El Paso, TX–(HISPANC PR WIRE – US Newswire)–September 20, 2004–Should you drink Korean ginseng tea if you’re taking medicine for high blood pressure? Will eating nopales (prickly pear cactus) help or harm your diabetes treatment?
Researchers with the University of Texas at El Paso/UT Austin Cooperative Pharmacy Program are providing patients and medical providers answers to these kinds of questions with its Herbal
Safety Web site at www.herbalsafety.utep.edu
Research coordinator Armando Gonzalez-Stuart said the Herbal Safety site is unique because it is “one of few non-commercial sources of information about medicinal herbs presented in English
and Spanish” on the Web.
The pharmacy program’s Herbal Safety Initiative is funded by a $245,000 grant from the Paso del Norte Health Foundation.
There is a great need for a reliable source of well-researched documentation about medicinal plants, particularly among the growing Hispanic population living along the U.S.-Mexico border,
the researchers said.
A study released this year by the government’s National Center for Complementary and Alternative Medicine revealed 19 percent of Americans are using natural products such as herbs, botanicals and enzymes.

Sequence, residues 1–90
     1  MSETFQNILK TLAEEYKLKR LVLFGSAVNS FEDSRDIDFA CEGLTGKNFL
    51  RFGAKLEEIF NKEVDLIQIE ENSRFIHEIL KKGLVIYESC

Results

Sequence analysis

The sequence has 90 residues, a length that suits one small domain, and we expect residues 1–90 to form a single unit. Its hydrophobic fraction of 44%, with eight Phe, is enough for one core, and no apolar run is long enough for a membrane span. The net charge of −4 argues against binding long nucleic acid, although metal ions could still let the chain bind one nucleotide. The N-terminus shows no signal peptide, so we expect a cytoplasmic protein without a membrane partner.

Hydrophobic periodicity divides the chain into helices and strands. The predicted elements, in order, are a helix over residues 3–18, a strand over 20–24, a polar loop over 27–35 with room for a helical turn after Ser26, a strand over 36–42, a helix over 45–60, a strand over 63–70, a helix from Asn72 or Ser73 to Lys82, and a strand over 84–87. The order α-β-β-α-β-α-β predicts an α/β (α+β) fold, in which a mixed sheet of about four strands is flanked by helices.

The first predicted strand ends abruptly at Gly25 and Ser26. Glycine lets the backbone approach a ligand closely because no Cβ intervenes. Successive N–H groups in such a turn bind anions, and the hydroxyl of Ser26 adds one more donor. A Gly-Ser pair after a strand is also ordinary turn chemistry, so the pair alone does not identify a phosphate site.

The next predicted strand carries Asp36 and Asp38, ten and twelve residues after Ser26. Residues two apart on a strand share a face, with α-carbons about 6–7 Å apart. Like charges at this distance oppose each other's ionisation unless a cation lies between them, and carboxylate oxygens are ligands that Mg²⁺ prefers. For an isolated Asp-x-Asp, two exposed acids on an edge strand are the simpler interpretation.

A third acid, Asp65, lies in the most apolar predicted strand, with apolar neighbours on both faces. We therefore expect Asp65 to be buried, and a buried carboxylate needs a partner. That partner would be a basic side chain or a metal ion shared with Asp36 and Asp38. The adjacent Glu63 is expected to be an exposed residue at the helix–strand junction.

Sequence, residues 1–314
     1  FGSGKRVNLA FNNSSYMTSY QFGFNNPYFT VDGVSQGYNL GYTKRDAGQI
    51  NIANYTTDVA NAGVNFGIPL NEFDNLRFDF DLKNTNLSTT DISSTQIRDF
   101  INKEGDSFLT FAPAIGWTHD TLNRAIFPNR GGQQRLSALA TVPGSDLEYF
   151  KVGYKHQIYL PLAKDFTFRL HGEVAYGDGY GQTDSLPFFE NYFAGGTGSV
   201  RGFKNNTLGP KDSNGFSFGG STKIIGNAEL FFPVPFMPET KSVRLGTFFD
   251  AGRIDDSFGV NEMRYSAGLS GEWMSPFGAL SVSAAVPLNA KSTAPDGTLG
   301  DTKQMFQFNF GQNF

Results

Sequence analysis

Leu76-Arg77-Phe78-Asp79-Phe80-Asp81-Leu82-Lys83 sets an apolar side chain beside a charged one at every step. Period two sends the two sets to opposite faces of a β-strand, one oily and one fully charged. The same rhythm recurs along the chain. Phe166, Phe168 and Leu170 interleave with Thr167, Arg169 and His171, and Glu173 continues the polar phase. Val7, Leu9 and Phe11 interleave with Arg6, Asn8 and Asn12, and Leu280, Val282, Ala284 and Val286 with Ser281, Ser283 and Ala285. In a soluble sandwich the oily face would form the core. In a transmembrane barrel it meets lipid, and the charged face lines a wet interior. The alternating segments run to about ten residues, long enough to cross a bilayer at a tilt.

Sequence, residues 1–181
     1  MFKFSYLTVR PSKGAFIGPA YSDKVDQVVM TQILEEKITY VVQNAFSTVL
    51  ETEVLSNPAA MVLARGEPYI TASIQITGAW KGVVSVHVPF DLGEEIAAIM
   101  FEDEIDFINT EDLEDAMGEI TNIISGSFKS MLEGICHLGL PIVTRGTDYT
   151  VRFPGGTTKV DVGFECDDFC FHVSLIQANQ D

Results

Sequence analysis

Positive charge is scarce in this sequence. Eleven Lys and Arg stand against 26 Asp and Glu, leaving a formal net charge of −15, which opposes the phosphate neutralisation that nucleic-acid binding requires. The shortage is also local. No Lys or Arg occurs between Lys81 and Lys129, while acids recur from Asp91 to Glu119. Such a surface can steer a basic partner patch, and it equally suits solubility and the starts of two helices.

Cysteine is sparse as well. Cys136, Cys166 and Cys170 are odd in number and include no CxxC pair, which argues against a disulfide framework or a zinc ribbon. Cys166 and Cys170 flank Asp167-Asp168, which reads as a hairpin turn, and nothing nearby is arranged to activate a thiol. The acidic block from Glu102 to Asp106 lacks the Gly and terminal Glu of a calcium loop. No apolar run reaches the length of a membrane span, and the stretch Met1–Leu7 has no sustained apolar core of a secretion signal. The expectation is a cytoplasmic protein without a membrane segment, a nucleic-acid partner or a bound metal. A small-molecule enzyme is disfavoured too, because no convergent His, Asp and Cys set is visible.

However, recent studies by the UTEP researchers have found that herbal product use on the border is much higher than national rates—about 70 percent of patients interviewed used some kind of herbal product.
The researchers also found that only about a third of the patients said they told their doctors about their use of herbal remedies.
“It’s very common for low-income people to turn to herbs for medical treatment,” said José Rivera, director of UTEP’s Cooperative Pharmacy Program and assistant dean of the UT Austin College of Pharmacy.
The researchers hope the Web site will help encourage medical professionals to ask their patients if they are supplementing their traditional treatment with herbal medications.
The Herbal Safety Web site includes:
— Fact sheets for 40 medicinal plants (English and Spanish)
— Scientific monographs for 36 medicinal plants
— Scientific publications and presentations in PDF format
The University of Texas at El Paso is the only doctoral-research university in the United States with a Mexican-American majority student population. Celebrating its 90th anniversary this year, the university ranks second in the nation in awarding bachelor’s degrees to Hispanics.
On the Web: http://www.utep.edu
Media Contact: Armando Gonzalez-Stuart, research coordinator, UTEP/UT Austin Cooperative Pharmacy Program at 915-747-8521 or e-mail asgonzalez1(At)utep.edu or David Peregrino, University Communications at 915-747-7507 or e-mail email@example.com
UTEP/UT Austin Cooperative Pharmacy Program
UTEP/UT University Communications